Joe Biden shame as monstrous island of plastic waste unearthed in Seaspiracy probe

Seaspiracy: Fishing documentary trailer released by Netflix

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The White House this week confirmed that Mr Biden has invited 40 world leaders to an online summit on climate change in late April. Elected on a manifesto that promised heavy action to protect the environment, he is now readying to announce vast climate spending. Added to this is Mr Biden’s support of a “Green New Deal” – a $2trillion (£1.4trn) package which seeks to fight both the climate crisis and inequality simultaneously.

While the left of Mr Biden’s Democratic Party, members like Alexandria Ocasio-Cortez and Ed Markey, have got behind him, questions remain over several climate crises on the shores of the US, like the “Great Pacific Garbage Patch” off the country’s West Coast.

Netflix documentary, ‘Seaspiracy’, has rekindled an often forgotten part of the climate debate: the relationship between consumers and industry.

Created by British filmmaker Ali Tabrizi, Seaspiracy draws attention to the controversial actions of the fishing industry and corporations in making consumers believe their practices safeguard the oceans.

George Monbiot, the environmental activist, spoke during the documentary, and revealed the extent to which the Great Pacific Garbage Patch had grown as a result of a lack of government intervention, putting Mr Biden to shame.

He said: “Even the groups talking about marine plastic, are highly reluctant to talk about what a lot of that plastic is, which is fishing nets and fishing gear.

“We hear a lot about the Great Pacific Garbage Patch, and say, ‘Oh, isn’t it terrible? All our cotton buds and plastic bags are swirling around in the Great Pacific Garbage Patch.’

“Forty-six percent of it is fishing nets, discarded fishing nets, which are far more dangerous for marine life than our plastic straws.

“Because, of course, they’re designed to kill.

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“Now, this is so crashingly obvious, why aren’t we talking about it?

“Why aren’t even the plastic campaigns talking about fishing?”

The patch spans waters all the way to Japan, connected by the North Pacific Subtropical Convergence Zone, located a few hundred kilometres north of Hawaii.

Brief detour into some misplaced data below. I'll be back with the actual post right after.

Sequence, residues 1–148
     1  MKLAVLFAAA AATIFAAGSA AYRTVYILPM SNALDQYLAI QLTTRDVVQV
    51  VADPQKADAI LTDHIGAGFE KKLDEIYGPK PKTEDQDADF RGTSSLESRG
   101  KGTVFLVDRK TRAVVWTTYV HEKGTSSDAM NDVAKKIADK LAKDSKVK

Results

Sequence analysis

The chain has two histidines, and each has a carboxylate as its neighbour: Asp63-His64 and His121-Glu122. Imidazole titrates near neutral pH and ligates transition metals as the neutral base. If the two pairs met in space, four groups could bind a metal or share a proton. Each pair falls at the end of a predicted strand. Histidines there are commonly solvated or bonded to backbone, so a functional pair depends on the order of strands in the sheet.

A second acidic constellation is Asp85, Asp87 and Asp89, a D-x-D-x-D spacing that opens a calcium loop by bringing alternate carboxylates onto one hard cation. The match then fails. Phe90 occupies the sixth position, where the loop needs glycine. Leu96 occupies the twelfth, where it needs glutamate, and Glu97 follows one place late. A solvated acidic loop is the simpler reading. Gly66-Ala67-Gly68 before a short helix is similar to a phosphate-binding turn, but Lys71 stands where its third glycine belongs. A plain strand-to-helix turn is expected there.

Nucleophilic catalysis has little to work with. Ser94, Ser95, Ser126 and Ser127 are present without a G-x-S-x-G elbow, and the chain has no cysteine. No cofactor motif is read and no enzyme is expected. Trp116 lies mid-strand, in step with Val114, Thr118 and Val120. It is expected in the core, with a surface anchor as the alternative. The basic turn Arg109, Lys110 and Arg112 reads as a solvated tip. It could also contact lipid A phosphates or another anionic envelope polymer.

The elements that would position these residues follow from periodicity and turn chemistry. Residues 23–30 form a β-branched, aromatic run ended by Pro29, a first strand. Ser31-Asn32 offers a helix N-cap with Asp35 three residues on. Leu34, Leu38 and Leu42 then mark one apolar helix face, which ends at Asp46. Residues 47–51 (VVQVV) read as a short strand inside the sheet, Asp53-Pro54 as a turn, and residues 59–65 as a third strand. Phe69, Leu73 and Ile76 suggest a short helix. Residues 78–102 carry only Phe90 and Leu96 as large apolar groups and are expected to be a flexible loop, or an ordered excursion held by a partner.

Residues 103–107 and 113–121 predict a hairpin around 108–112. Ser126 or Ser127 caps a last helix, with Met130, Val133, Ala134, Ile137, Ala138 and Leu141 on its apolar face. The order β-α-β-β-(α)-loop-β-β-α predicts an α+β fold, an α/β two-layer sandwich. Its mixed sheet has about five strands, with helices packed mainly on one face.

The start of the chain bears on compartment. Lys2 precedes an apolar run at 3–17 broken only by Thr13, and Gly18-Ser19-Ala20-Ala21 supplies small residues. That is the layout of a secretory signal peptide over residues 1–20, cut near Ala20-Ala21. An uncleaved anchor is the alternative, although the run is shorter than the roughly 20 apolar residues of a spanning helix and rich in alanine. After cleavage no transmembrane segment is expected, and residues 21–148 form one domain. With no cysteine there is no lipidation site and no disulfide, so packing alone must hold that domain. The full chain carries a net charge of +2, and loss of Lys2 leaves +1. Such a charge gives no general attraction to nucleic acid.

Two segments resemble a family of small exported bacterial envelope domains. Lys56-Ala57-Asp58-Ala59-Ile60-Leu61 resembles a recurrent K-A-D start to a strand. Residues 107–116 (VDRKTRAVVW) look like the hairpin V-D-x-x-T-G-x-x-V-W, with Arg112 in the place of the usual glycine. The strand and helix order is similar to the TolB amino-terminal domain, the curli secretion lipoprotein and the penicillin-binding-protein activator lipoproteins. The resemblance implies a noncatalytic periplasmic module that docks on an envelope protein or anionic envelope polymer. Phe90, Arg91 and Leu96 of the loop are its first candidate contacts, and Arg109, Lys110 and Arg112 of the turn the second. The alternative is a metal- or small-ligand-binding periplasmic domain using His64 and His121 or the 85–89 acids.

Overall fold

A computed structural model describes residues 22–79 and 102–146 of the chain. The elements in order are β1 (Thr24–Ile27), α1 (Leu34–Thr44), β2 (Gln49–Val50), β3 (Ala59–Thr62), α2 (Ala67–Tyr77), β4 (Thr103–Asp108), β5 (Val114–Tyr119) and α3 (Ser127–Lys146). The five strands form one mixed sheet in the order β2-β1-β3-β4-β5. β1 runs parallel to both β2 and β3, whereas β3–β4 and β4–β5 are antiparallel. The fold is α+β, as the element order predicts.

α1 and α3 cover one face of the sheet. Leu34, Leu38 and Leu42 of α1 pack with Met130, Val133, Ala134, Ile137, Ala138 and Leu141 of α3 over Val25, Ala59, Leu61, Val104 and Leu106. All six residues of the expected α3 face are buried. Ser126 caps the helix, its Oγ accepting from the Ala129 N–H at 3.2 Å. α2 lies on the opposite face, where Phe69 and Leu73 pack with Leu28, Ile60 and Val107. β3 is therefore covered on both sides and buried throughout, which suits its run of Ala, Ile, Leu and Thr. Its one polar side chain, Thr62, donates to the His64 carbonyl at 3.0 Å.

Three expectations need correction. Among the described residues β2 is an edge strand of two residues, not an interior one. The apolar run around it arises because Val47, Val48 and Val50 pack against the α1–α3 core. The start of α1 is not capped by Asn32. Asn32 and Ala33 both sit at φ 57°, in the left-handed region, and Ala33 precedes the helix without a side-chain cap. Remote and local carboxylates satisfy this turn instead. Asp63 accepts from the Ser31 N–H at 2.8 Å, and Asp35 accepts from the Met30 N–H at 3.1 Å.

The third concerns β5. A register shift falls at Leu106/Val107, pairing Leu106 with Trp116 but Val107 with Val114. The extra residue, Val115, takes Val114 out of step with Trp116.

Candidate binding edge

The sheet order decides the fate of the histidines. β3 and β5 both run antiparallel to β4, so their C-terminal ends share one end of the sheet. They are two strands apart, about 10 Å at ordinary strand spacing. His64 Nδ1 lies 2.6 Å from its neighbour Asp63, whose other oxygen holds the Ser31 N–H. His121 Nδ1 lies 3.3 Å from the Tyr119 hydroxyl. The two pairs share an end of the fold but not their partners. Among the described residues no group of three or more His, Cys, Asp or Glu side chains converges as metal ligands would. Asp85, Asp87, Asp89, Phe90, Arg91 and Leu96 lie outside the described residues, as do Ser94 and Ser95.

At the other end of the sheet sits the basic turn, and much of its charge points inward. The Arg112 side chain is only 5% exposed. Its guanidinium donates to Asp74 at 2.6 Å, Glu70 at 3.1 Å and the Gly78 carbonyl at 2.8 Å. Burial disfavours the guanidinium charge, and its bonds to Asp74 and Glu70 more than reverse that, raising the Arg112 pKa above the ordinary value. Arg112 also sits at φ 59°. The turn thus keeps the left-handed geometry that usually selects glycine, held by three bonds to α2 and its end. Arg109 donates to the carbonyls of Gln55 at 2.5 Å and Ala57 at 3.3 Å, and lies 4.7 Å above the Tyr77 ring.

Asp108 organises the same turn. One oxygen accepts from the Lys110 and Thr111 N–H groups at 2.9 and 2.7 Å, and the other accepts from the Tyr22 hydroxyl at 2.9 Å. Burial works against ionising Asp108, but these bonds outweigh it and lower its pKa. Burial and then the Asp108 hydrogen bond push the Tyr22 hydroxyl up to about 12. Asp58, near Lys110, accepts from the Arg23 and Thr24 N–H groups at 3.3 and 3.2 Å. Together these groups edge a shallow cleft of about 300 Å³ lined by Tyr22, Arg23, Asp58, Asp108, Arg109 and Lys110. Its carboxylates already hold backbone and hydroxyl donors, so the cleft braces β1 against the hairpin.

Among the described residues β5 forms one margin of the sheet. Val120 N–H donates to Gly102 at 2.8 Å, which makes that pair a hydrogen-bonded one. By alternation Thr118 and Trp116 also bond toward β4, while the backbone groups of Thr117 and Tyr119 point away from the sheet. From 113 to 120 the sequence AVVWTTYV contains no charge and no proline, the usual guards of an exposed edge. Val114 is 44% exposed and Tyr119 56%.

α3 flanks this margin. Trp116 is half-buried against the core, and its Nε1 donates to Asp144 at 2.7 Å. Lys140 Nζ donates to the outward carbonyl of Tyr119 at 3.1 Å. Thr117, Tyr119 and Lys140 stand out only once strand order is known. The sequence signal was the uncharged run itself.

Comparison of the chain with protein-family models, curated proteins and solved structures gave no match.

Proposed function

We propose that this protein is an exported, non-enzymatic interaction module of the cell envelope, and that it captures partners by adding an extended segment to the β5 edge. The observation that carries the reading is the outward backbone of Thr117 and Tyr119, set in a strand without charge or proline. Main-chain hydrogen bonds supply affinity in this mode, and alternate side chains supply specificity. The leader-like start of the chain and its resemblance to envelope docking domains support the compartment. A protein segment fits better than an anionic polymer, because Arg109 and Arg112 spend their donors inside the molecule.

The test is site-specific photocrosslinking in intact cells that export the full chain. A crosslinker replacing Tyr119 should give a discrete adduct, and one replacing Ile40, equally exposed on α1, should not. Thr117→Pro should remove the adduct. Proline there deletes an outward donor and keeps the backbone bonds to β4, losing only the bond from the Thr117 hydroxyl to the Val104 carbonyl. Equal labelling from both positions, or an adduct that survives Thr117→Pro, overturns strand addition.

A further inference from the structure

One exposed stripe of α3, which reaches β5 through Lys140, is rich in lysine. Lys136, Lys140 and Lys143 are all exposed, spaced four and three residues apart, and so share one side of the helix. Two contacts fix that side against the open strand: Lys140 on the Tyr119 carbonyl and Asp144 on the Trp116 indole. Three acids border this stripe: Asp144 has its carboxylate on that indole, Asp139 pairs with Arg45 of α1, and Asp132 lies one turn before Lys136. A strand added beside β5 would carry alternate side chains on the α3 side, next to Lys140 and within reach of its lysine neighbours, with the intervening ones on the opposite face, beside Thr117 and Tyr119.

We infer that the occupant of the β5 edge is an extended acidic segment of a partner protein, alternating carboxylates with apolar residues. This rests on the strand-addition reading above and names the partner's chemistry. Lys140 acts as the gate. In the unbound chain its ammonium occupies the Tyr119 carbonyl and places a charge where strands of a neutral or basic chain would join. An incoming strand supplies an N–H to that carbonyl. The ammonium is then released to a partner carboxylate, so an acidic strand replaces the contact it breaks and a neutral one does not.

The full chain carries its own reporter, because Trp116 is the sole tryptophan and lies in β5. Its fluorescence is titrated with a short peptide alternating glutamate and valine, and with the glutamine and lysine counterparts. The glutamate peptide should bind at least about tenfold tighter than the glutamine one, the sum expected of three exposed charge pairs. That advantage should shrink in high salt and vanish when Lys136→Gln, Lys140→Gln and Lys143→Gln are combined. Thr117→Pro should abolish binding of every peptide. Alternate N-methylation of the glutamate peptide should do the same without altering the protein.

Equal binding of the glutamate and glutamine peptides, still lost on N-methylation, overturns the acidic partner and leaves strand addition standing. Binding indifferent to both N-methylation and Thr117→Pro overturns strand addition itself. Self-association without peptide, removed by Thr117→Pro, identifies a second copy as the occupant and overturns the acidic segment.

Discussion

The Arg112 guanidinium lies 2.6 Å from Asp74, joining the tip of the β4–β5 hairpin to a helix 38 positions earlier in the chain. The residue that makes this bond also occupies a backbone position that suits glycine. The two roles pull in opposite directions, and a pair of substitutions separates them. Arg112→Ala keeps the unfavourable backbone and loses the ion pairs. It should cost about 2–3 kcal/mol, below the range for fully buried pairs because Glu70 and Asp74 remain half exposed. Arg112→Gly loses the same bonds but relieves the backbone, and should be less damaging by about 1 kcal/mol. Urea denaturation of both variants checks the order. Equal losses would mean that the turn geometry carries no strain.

It essentially acts like a motorway that moves debris from one patch to another.


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The patches are so large because much, if not all, of the debris accumulated is not biodegradable.

Rather than wear down to nothing, the plastics simply break into smaller and smaller pieces.

All of these items mix in with the larger, disused fishing gear that Mr Monbiot spoke of, creating giant soups of rubbish.

Experts fear that the seafloor beneath the Great Pacific Garbage Patch may also be filled with plastics and other debris.

Oceanographers and ecologists have previously discovered that around 70 percent of marine debris in fact sinks to the bottom of the ocean.

While the existence of such a patch had been predicted by oceanographers and climatologists, it was a racing boat captain who first discovered it.

Charles Moore was sailing from Hawaii to California in 1997 after competing in a yachting race as he and his crew noticed millions of pieces of plastic floating around their ship.

Mr Moore went on to discover further patches during his voyages in the region. has recently launched a campaign to help save Britain’s environment.

We are calling on Prime Minister Boris Johnson to show world leadership on the issue in the run-up to the G7 summit in Cornwall in June and the crunch Cop 26 climate change summit in Glasgow in November.

Along with green entrepreneur Dale Vince we have called on the Government to scrap VAT on green products and to make more space for nature.

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